10 Affordable Ways to Make Your Home Safer and Healthier
4. Ditch pesticides.
Pesticides kill roaches, mice, ants, and lawn pests. But overexposure and chronic small exposures may put children at risk of a range of health problems, including asthma, learning disabilities, and problems with brain development.
These chemicals are expensive, too. "These pesticides are not cheap," says Landrigan. "You can easily spend a hundred bucks on one Saturday morning on them."
The problem is, "people don't see the damage the chemicals are doing to themselves and to their child," he tells WebMD. "It's silent, but nevertheless real damage."
Save money and promote health by focusing on prevention. Simple steps can keep roaches away -- like washing dishes very carefully, cleaning up all food residue, keeping food packages and containers tightly closed, and sealing any cracks that are a point of entry into your home. Landrigan has tested these methods in New York City apartment buildings, where roaches can seem firmly entrenched. "It's basic stuff, but it works," he says.
Instead of spraying herbicides on your lawn, "don't be so worried about weeds," says Landrigan. "Get used to a little imperfection. Rather than spraying, your time is better spent burning calories -- pulling weeds," he says.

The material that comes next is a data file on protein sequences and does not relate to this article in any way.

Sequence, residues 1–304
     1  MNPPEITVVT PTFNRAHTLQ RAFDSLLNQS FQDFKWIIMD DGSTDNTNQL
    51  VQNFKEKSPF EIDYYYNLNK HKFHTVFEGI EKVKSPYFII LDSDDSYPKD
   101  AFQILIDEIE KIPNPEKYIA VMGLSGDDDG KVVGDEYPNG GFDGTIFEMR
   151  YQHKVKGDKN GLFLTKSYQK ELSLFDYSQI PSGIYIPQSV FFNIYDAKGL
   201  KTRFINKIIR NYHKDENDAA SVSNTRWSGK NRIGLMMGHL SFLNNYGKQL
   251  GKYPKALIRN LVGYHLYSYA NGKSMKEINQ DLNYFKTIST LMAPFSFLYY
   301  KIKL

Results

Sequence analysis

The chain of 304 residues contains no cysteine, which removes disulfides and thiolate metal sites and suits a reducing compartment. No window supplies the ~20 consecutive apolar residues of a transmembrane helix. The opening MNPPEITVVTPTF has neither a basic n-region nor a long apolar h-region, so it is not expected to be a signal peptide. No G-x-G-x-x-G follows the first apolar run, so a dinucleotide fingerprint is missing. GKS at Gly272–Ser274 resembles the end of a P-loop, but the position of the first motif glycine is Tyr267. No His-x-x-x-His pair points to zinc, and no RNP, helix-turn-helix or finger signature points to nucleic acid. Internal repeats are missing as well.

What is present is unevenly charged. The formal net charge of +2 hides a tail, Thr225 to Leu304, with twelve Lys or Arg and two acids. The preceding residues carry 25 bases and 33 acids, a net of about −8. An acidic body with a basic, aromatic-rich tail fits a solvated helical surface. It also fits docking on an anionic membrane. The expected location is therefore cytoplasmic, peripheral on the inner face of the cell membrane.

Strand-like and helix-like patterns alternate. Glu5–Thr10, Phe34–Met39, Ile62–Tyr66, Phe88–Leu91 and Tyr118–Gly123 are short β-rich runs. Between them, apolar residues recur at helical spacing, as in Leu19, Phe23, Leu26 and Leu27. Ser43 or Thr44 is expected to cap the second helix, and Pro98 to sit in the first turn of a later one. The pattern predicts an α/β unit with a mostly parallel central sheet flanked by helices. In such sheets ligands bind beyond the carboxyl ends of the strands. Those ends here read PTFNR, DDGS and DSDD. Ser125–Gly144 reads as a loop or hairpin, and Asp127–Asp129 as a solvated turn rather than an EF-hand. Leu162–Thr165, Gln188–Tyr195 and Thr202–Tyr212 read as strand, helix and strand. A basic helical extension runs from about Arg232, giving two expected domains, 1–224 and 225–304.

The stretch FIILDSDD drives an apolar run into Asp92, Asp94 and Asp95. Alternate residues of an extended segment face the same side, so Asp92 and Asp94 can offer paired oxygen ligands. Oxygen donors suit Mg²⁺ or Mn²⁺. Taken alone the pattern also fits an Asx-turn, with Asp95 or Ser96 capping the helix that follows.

You can learn about non-chemical, commonsense ways of reducing indoor and lawn/garden pests -- a concept called Integrated Pest Management. Look for the EPA's on-line booklet: "Citizen's Guide to Pest Control and Pesticide Safety."
5. Be careful with plastic bottles and canned foods.
The safety of bisphenol A, a chemical found in polycarbonate plastics, is still being debated. These plastics are used in some water bottles and baby bottles.
Bisphenol A is also used in epoxy resins that line metal products like canned foods.
The FDA and the American Chemistry Council say bisphenol A is safe for use. However, another government report -- the National Toxicology Report -- found concern about effects on the brain, prostate gland, and behavior in fetuses, infants, and children. And one study found that adults with high levels of BPA in their urine were more likely to have a history of heart disease or diabetes, compared to people with low levels of BPA.
What can you do to limit exposure to BPA?
- Look for safer water or baby bottles -- either tempered glass bottles or plastic bottles made of cloudy plastics like polyethelene or polypropylene (recycling symbols 1, 2 or 5) are generally safe. Avoid those marked with a "7" or "PC."
- Don't microwave plastic food containers. Heat can break down plastic fibers.
- Don't microwave with cling wraps. Put food in a glass or ceramic dish and then cover with waxed paper or paper towels.
- Eat fewer canned foods.
- Use glass and ceramic containers to store or microwave foods.